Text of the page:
Thursday, December 20, 2012
Culture Shock 12.20.12: It's the end of the world (again)
When even George Noory, the host of the radio program "Coast to Coast A.M." — a nightly tour of the paranormal and just plain paranoid — thinks he'll still be on the air, broadcasting as usual, after Dec. 21, it's probably safe to say there is nothing to the Mayan apocalypse.
Yes, like a joke too long in the telling, Friday is finally the day, the day "preppers" have been prepping for. (Can you believe they have a name, like "truthers" and "birthers?") Although how you prepare for the end of the world is a mystery to me. If the world is over, where are you going to live? As the Rocket Man said, "Mars ain't the kind of place to raise a kid."
By now it seems like the world is ending every other year or so. In fact, it was just last year that Harold Camping's prediction that the Rapture would take place on May 21, 2011, went unfulfilled.
And who can forget the year 2000? Y2K was the secular answer to the Christian End Times. On Jan. 1, 2000, computers would malfunction, airplanes would fall from the sky, the power grid would fail, nuclear power plants would melt down and all of humanity's works would would lie in ruins — a Luddite's paradise.
Now here it is, 12 years later, and my computer is actually running a reasonably stable version of Windows. Winning!
But at least in the case of Y2K there was a real technological problem. The doomsayers weren't entirely delusional. They just greatly overestimated the extent of the challenge and greatly underestimated our ability to meet it. They were done in by what social scientists call "pessimistic bias." Other doomsday enthusiasts don't have that excuse.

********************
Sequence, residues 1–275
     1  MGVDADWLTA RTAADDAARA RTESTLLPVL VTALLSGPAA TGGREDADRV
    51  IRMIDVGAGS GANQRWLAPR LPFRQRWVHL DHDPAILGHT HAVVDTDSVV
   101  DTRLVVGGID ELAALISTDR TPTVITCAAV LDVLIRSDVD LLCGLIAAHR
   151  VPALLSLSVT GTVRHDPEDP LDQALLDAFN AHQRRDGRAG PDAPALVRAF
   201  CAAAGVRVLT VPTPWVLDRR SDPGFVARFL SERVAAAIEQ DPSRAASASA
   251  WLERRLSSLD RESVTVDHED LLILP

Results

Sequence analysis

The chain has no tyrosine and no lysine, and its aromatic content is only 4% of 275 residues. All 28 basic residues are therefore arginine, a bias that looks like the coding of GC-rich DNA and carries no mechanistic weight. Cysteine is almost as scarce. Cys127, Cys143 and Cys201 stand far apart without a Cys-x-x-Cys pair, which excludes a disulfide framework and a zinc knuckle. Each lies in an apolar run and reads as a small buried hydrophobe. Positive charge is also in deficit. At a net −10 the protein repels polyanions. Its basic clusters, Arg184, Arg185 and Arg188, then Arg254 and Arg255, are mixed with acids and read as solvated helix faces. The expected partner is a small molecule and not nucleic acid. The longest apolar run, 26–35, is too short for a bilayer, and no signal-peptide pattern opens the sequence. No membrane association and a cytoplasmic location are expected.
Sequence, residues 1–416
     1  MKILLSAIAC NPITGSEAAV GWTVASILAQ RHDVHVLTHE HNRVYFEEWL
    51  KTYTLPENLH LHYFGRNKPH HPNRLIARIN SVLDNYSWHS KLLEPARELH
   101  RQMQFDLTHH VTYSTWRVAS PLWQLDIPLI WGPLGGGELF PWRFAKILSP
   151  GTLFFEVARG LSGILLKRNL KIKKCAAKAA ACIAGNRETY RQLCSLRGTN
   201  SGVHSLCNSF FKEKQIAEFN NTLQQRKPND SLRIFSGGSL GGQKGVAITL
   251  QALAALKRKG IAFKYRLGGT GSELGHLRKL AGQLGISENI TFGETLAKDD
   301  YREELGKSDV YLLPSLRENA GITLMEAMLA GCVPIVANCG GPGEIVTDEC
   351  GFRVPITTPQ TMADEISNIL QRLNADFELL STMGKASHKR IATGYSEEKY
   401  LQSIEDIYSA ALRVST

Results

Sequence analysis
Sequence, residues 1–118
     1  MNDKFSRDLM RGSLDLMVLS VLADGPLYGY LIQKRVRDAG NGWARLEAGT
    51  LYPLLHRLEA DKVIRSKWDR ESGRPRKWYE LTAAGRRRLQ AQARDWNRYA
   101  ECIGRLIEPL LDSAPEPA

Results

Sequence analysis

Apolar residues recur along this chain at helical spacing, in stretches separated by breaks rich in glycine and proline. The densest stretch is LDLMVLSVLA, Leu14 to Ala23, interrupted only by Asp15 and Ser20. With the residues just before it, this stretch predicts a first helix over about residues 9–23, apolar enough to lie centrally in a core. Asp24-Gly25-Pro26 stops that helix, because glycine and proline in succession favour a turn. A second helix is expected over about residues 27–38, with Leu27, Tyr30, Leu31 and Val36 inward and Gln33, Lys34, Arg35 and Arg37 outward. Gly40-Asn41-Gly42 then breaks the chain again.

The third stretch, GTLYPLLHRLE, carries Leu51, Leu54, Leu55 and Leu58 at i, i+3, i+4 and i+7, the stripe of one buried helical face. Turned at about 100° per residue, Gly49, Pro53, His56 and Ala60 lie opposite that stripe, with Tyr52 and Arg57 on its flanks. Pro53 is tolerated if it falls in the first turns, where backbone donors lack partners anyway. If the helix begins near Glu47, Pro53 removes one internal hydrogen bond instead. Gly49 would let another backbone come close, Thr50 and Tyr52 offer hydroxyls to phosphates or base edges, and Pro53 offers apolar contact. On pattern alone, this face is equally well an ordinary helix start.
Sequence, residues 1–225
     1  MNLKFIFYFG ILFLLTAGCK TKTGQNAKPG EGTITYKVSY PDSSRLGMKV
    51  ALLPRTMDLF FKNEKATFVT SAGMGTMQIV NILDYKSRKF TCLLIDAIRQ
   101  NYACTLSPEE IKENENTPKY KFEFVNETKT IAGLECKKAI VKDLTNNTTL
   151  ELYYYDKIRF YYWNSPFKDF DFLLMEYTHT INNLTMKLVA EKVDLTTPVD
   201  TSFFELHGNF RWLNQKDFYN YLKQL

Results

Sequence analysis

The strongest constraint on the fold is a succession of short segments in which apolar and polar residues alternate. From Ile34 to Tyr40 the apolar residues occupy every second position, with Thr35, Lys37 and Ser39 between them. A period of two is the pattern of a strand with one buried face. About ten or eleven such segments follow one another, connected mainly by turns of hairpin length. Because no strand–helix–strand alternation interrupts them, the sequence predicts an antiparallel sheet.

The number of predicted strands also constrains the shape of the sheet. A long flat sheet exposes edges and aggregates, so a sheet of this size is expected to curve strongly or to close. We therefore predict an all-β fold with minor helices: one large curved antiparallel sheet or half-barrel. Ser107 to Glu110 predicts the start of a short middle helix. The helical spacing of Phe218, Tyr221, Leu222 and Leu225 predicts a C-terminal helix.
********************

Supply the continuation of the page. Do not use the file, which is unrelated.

Calendars, however useful, are human inventions, and their start dates and end dates — when they recycle back to the beginning — are largely arbitrary. For example, the next Chinese New Year is Feb. 10, by which time most Americans will have long gotten over their New Year's Eve hangovers.
So why the Mayans and their infamous "long count" calendar? What's so special about them? To hazard a guess, it's because the Mayans play into two popular but misguided ways of thinking about ancient civilizations. The first is to regard them as keepers of lost spiritual wisdom that the modern world needs to rediscover. As such, the Mayans, like the Egyptians, have much to teach us, or so the story goes. The other is that civilizations like the Mayans and Egyptians were so advanced they must have had help from aliens from outer space. And that extraterrestrial boost is what gave them access to secret wisdom we must now recover if we are ever to reach our true potential.
The first view is cartoonish, and the second is condescending. The Mayans, like other ancient peoples, were people. They created an advanced civilization, especially for its time, and were pretty good with things like astronomy (a necessity for an agricultural society) and math. But they don't seem to have had access to otherworldly insights.
Still, some people entertain the possibility that super-secret knowledge is to be gained from the Mayans. It's enough people to fuel a cottage industry of books, movies and TV shows.
Syfy, History and Discovery are just three cable channels airing Mayan doomsday specials this week. And the 2009 movie "2012," which got an early start on this year's apocalypse, not only expected us to take doomsday seriously, it expected us to accept John Cusack as an action hero.
Oh, and by the way: That picture of the Mayan calendar you've seen on the Internet? You know, the stone disk with the face in the middle sticking its tongue out at you. That's not the Mayan long count calendar. It's the Aztec Sun Stone.
That's the punchline.